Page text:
The number of responses has remained relatively constant despite the rapid
growth of the area.
Responses by Fire Station Total Aggregate Responses From Each Fire Station
Station 45 Sun Valley
Station 46 Spainish Springs
Station 44 Stead Station 36 Arrowcreek
Station 42 Cold Springs
Station 37 Hidden Valley Station 40 Mogul
Station 32 Eastlake
Station 33 Foothill
Station 30 Bowers
Station 39 Galena
Fires in 2020: 398 total responses, which equal 3.5% of all responses
Cooking Fire 7.4%
Building Fire 17.1%
Other Fire 21.1%
Vehicle Fire 11.2%
Wildland Fire 43.2%
This graph represents the total number of fires (398) in 2020. The total number of fires includes structure fires, wildland fires, vehicle fires, and other types. The total number of wildfires in 2020 was 166. The total number of acres burned was 49,700 acres.
Structure fires account for 1/2 of 1% of all calls. There were no residential fire deaths in 2020.
Other Types of Responses in 2020: 3796 total responses, which equals 34.3% of all responses
Explosion / Rupture
Good Intent calls include canceled responses before arrival, wrong locations, controlled burning reported as uncontrolled fire, smoke or steam reported, but no fire found, and reports of gas odors with no leaks found.
Other types of calls include animal rescues, lockouts, and unauthorized burning.
Emergency Medical & Rescue Services in 2020: 6,875 total responses, which equal 62.3% of all responses
Vehicle Accident with Injuries
Vehicle Accident excluding Injury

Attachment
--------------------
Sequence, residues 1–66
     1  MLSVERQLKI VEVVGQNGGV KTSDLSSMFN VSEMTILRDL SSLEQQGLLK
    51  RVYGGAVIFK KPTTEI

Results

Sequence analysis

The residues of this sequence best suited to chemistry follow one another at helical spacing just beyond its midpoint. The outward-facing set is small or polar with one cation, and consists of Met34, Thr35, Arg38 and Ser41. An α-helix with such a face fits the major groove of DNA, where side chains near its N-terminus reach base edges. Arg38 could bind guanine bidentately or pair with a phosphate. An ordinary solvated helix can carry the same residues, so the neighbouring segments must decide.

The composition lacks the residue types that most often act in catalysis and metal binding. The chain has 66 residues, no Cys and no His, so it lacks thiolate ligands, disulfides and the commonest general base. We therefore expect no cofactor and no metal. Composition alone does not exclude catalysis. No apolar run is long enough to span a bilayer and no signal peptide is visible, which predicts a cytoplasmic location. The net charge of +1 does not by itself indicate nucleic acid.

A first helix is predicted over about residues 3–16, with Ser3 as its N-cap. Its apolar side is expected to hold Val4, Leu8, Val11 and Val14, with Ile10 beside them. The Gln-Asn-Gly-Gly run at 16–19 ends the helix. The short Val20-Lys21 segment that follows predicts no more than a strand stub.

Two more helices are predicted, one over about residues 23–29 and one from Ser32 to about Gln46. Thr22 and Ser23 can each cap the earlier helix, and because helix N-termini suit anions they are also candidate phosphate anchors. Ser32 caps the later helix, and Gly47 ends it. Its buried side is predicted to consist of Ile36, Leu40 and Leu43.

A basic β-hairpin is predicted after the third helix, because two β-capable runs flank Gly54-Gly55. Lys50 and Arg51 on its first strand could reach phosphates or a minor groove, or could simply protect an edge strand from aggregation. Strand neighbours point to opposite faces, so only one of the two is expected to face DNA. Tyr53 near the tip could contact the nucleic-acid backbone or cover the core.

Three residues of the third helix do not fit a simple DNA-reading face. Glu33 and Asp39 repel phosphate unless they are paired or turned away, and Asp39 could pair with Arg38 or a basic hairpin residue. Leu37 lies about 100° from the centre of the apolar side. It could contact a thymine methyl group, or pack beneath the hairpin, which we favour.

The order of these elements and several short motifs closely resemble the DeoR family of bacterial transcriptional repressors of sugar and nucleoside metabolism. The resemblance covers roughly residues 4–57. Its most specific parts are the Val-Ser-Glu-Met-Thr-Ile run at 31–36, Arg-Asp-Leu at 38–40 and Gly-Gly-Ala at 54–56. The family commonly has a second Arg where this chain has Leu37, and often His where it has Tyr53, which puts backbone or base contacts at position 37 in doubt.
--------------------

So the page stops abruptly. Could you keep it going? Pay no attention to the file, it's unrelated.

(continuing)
Paramedics are used to stabilize many life-threatening emergencies at the scene of an incident prior to and during patient transport to a hospital. Patient care is wide ranging. It can be caring for patients in emotionally traumatic situations to administering lifesaving medications for patients in respiratory or cardiac arrest. On medical emergencies, paramedics can provide early recognition of strokes and heart attacks (myocardial infarctions). For trauma patients, paramedics are able to control bleeding, provide pain management, and sedation in patients that have sustained traumatic injuries and are hemorrhaging on-scene. They are the first line of emergency care.
Fire Prevention & Programs The Fire Prevention Division is vital to the mission of the District. It protects the community through comprehensive programs that focus on public education, plans review, fire inspections, and fire investigations.
We create community awareness and engage the public through education on fire safety and mitigation techniques and other hazards in the built environment, especially in and around the interface between wildlands and buildings (wildland-urban interface). Wildfire is a significant threat to our region. The Fire Prevention Division ensures that measures are engineered into buildings and planning processes so that new buildings and communities meet minimum fire code standards.
Fire Prevention Division Statistics for 2020:
Plan Reviews conducted on new and remodeled construction: Fire Inspections on existing structures: Fire Investigations on cause and origin: Open Burn Permits Issued:
1,059 28 (400 hours)
Fire Prevention & Programs Two common causes of some structure fires are fireplace ash and coals that are discarded before they completely cool - and oily rags.
Oil-based paints and stains release heat as they dry. If the heat is not released into the air, the heat can build up to a temperature high enough to cause ignition of the rags. This is why oily rags left in a pile can be a hazard.
Fireplace coals may also
contain residual heat for several days, even though you might be able to hold them in your hand. When you clean out your wood-burning fireplace or wood stove, it is important to remember that coals can rekindle. Never place fireplace ash in a combustible container or on a combustible surface, like a wood deck.
Both oily rags and fireplace coals can be placed in TMFR Fire Safety cans. Water should be added to fireplace coals and oily rags and allowed to soak